Bloomberg Media will debut five new podcasts with iHeartMedia this year
Bloomberg Media and iHeartMedia are releasing five podcast shows this year, part of a co-production and distribution podcast deal between the business publisher and audio giant to create over a dozen new original shows in the next three years.
“We’ve been looking for a way to expand our audience and this was the perfect way to do that,” said Katie Boyce, Bloomberg’s executive editor for digital. Bloomberg’s podcast audience has grown 11% year-over-year, a spokesperson said without providing exact figures.
While this deal was first announced back in May 2021 and the first slate of shows was originally planned to debut last year, Bloomberg and iHeart announced the first five shows today, with the first slated to be released next month. They are a mix of daily and weekly news programs and narrative-style limited series. Bloomberg Media’s existing slate of over 20 podcasts, meanwhile, has been distributed by the iHeartPodcast Network and can be heard on iHeartRadio as well as everywhere podcasts are available — as will the new original shows.
So why the delay? “We wanted to be intentional about building a slate of podcasts with iHeartMedia that showed the breadth of our newsroom and our coverage, which took some time as we started digging into the various formats and ideas,” a Bloomberg spokesperson said.
iHeartMedia will market, distribute and help sell ads against Bloomberg Media’s new podcast shows. Bloomberg Media will get access to iHeartMedia’s in-house marketing, distribution and ad sales resources, as well as the opportunity to reach a broader audience than its business readers and listeners. Both Bloomberg and iHeart will sell ad inventory for the new and existing podcasts, a Bloomberg spokesperson said. The spokesperson declined to share the financial terms of the deal, including whether the companies will share the revenue resulting from the ads each side sells.
“iHeart does have a lot of people who probably aren’t familiar with Bloomberg. So if we can expose what we consider to be very good work to new people, perhaps they will explore some of our other offerings,” said Jared Sandberg, Bloomberg’s senior executive editor for digital.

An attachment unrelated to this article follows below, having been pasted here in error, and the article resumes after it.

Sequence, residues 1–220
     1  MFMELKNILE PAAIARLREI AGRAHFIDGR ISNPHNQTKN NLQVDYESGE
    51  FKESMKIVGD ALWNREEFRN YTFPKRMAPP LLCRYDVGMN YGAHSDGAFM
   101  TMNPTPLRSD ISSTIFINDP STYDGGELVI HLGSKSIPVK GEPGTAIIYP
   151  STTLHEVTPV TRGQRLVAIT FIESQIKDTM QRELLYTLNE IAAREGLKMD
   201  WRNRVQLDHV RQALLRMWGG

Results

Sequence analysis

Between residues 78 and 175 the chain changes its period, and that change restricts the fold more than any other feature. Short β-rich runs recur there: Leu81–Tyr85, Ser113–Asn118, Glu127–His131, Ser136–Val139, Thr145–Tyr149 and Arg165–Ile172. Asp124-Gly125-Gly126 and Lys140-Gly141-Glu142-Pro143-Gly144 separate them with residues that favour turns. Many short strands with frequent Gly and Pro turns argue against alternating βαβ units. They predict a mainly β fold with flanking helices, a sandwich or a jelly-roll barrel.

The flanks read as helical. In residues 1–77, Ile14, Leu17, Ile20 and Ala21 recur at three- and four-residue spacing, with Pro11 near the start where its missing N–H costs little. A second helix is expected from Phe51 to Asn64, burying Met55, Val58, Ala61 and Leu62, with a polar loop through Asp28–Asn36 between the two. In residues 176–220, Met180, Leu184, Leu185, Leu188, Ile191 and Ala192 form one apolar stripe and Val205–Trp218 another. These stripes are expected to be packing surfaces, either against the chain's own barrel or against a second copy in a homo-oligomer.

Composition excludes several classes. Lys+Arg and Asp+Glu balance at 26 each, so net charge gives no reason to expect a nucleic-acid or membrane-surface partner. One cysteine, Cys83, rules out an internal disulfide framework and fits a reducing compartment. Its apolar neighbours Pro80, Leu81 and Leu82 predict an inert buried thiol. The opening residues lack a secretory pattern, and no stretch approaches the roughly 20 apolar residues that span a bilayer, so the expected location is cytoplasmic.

iHeartMedia is one of the largest podcast networks, in terms of reach, with more than 632 active shows reaching over 31 million unique monthly listeners and 441 million global downloads and streams in April 2022, according to Podtrac’s rankings. According to its latest earnings report, iHeartMedia’s podcast revenue was up 79% in the first quarter of 2022 compared to the same period last year, bringing in $69 million.
The first five shows
The first podcast from this deal, called “Bloomberg Crypto” will premiere in June. The daily show will be led by Stacy-Marie Ishmael, the newsroom’s managing editor for crypto. In July, “Bedrock, USA” will debut on political extremism and small-town life. The limited series podcast will be hosted by Bloomberg CityLab reporter Laura Bliss. Two shows will come out in September: “In Trust,” a limited series about the land ownership of one of the wealthiest families in Osage County, Oklahoma, and “The Big Take,” a daily show on the big stories of the day, hosted by Weston Kosova. Lastly, “Crash Course” will premiere in October, hosted by Bloomberg Opinion senior columnist Tim O’Brien.